The new James Cox Gallery opened in June, 1990, with an exhibit of classic Woodstock artists Cox assembled including George Bellows at the height of his new auction popularity. He called it “The New Era” and rented buses to tour his old New York clientele around town, including the Artist’s Cemetery.

Goetz remembers stuffing hand-printed invitations all night, and the huge lawn party that Ann Blanch, the painter Arnold Blanch’s final wife, threw for the couple to introduce them to everyone still alive from the town’s glory days.

“We had big shows almost every month, and plenty of auctions,” Cox recalls of that first gallery in town where he showed Leslie Bender, Richard Segelman, Ernest Frazier, Christie Scheele and other new talents he was finding and championing around the region. “Then I started getting whole estates such as Carl Eric Lindin and Tomas Pening. We held events with Family, and then with the Woodstock Arts Board.”

All along, though, Cox and Goetz — like so many Woodstockers in their first decade in town — were still looking for a “more perfect” spot where they could combine gallery and studio, plus their home. Eventually, after going on and off the market several times, they found their current compound off Route 212 in Willow. After two years converting an old barn into a gallery and studio, plus renovations to the main house and outbuildings, they moved in and opened the new James Cox Gallery in 1996.

So what were the couple’s big highlights over all these years?

Cox mentions a big party thrown at the late Lee Mills’ mansion on Ohayo Mountain in tandem with Alice Lewis and the Woodstock Arts Board, where the then-millionaire premiered the collection of classic Woodstock art he’d put together, and had guest Geoffrey Holder emcee the evening of cocktails and hors d’oeuvres. Then there were the storytelling evenings he put together around the pizza oven he had built out back of his gallery, one SRO with the great Malachy McCourt holding everyone spellbound.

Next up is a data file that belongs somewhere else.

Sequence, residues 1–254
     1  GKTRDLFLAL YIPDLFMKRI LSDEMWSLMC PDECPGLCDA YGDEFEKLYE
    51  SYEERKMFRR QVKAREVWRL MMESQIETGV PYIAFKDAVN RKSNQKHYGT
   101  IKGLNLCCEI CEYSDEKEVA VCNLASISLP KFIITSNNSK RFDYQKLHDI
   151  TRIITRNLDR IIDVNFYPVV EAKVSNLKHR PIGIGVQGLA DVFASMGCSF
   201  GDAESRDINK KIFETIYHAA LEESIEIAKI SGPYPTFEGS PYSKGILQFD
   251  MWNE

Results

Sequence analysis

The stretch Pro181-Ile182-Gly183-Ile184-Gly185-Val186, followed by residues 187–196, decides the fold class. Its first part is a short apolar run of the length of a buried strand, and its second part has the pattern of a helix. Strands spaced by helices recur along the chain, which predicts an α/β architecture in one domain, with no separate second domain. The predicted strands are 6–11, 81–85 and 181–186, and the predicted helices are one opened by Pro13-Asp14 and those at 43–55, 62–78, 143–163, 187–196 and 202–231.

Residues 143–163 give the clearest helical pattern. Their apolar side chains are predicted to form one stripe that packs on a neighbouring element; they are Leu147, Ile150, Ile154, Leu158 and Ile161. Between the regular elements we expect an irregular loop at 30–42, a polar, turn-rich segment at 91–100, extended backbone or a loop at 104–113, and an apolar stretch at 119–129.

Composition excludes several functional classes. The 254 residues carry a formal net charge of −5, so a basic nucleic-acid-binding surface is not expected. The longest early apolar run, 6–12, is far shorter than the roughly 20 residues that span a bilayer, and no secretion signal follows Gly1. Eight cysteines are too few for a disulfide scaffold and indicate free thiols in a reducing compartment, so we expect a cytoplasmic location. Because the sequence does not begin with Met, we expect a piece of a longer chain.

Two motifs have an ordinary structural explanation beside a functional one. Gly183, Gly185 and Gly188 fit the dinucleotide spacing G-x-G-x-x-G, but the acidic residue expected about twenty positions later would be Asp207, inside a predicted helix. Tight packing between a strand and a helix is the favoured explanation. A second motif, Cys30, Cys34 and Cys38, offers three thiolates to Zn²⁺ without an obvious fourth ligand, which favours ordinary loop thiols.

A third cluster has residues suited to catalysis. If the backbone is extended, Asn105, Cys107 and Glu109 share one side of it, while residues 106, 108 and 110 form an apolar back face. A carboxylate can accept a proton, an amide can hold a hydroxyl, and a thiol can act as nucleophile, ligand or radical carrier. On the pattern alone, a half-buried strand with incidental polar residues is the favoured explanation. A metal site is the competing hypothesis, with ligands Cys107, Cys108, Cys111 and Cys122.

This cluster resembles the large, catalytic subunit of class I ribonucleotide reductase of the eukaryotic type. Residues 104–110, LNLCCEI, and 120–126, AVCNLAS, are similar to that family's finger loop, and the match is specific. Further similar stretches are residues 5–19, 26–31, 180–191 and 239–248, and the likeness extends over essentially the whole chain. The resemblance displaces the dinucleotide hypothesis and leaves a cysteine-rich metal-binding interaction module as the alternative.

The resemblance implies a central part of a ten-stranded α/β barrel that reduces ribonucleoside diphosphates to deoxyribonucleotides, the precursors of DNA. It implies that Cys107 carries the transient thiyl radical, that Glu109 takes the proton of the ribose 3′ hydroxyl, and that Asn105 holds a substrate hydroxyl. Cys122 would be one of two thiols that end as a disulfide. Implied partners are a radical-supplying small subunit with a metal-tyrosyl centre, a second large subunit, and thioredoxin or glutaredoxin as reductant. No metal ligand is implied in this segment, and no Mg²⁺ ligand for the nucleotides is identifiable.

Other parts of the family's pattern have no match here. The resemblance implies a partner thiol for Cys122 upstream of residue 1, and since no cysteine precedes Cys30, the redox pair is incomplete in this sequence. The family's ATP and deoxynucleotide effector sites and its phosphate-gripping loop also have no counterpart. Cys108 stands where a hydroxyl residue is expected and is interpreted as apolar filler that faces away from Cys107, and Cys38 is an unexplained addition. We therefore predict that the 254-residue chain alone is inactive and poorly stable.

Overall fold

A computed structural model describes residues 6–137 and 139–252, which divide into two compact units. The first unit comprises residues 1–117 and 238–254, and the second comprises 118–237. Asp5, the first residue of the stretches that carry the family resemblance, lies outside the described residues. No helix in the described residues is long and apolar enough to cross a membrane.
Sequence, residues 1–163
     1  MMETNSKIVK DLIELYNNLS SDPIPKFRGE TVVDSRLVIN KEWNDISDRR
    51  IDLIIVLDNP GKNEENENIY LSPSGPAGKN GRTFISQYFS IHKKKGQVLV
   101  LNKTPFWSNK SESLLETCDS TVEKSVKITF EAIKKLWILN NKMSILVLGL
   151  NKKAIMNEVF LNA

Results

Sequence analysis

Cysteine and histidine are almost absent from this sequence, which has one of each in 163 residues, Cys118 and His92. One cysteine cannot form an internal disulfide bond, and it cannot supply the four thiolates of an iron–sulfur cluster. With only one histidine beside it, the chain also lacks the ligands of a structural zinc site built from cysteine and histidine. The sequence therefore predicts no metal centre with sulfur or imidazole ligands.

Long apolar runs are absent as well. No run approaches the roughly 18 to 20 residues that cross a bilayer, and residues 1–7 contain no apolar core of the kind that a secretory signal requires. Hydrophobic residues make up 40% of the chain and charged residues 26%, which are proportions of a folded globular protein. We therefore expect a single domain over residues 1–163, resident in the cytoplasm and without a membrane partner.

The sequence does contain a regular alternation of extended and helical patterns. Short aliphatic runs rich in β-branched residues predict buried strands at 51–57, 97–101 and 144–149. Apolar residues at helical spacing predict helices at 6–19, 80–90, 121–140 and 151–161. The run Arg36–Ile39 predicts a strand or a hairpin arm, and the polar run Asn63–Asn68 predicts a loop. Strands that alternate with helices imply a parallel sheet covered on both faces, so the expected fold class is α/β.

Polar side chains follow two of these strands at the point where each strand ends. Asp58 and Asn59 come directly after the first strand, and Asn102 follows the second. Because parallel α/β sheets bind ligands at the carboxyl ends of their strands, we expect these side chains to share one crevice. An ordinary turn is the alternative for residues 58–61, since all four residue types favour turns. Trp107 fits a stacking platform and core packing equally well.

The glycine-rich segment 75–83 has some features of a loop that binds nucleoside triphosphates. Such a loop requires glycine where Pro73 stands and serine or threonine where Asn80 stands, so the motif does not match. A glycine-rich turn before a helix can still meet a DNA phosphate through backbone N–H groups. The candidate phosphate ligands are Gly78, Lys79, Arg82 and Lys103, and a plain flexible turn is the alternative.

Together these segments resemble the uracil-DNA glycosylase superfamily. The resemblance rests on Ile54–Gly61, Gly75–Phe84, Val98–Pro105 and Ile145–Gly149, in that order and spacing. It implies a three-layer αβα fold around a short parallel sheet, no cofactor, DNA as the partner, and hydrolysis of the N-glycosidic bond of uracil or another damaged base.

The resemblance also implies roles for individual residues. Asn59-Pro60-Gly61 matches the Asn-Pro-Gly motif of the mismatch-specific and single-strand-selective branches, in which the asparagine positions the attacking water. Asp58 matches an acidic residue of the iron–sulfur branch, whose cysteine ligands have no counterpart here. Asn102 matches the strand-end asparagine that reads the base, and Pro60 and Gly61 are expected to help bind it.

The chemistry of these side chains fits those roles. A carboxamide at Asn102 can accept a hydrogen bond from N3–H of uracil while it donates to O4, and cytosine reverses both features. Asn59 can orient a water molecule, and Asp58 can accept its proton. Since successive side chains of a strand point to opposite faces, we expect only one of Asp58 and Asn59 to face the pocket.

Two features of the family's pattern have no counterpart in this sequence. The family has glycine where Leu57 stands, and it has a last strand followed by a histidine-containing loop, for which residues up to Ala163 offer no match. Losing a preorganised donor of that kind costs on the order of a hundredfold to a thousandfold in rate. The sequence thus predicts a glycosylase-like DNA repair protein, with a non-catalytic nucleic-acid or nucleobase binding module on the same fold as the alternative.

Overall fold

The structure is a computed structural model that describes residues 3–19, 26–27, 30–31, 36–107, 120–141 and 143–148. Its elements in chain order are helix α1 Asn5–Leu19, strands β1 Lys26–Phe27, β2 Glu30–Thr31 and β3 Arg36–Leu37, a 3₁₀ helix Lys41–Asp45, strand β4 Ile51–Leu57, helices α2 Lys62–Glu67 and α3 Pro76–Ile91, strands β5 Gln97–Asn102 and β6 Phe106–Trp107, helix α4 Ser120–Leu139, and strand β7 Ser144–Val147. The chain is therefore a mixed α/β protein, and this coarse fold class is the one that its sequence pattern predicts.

“My daughter’s wedding was a delight; finding the remarkable work of Joseph Garlock in an old wood shed; this one huge Doris Lee auction we had; and all the friends who moved up here after we did,” he recalled. “Then there was my handling the world-wide publicity and marketing of the Leonardo Horse, a 24-foot high bronze horse, a gift to the Italian people from America, that now resides in Milan. It was featured twice on the front page of the Sunday New York Times, and when we hosted the three day unveiling in Beacon 80,000 people came.”

Goetz smiles and goes back to that bear, and seeing her husband battle her away from a ripped-off plywood window cover with a measly piece of shaped iron.


“I love that people are still calling us green horns,” she adds, while also noting her delight teaching courses at the Woodstock School of Art for decades now. And all the friends the couple have made over what is now decades.

“As for the things that most made us feel at home in Woodstock, I would have to point to those ‘universals’ like seeing your kids perform in local school productions, participating in Woodstock’s Halloween parade, and attending those incredible Woodstock funerals with their soaring rhetoric, group laughter, and plentiful warm hugs,” Cox added. “Being accepted into those inner circles of lifelong Woodstockers for parties, dinners and celebrations — getting to know Alf Evers, Eva van Rijn, Kit and Gordon Taylor, Alice Lewis, the Sweeneys. I guess it’s all just like any other small town, only cooler.”

To celebrate their 25th, James Cox and Mary Anna Goetz are not opening their latest exhibition this Friday, July 10 with a usual blast, but also planning a “huge” full moon garden party, like that thrown for them when they arrived in town a quarter century ago, at their home on July 31.

Look for your invites…just don’t expect them to be hand printed or stuffed into envelopes this time around.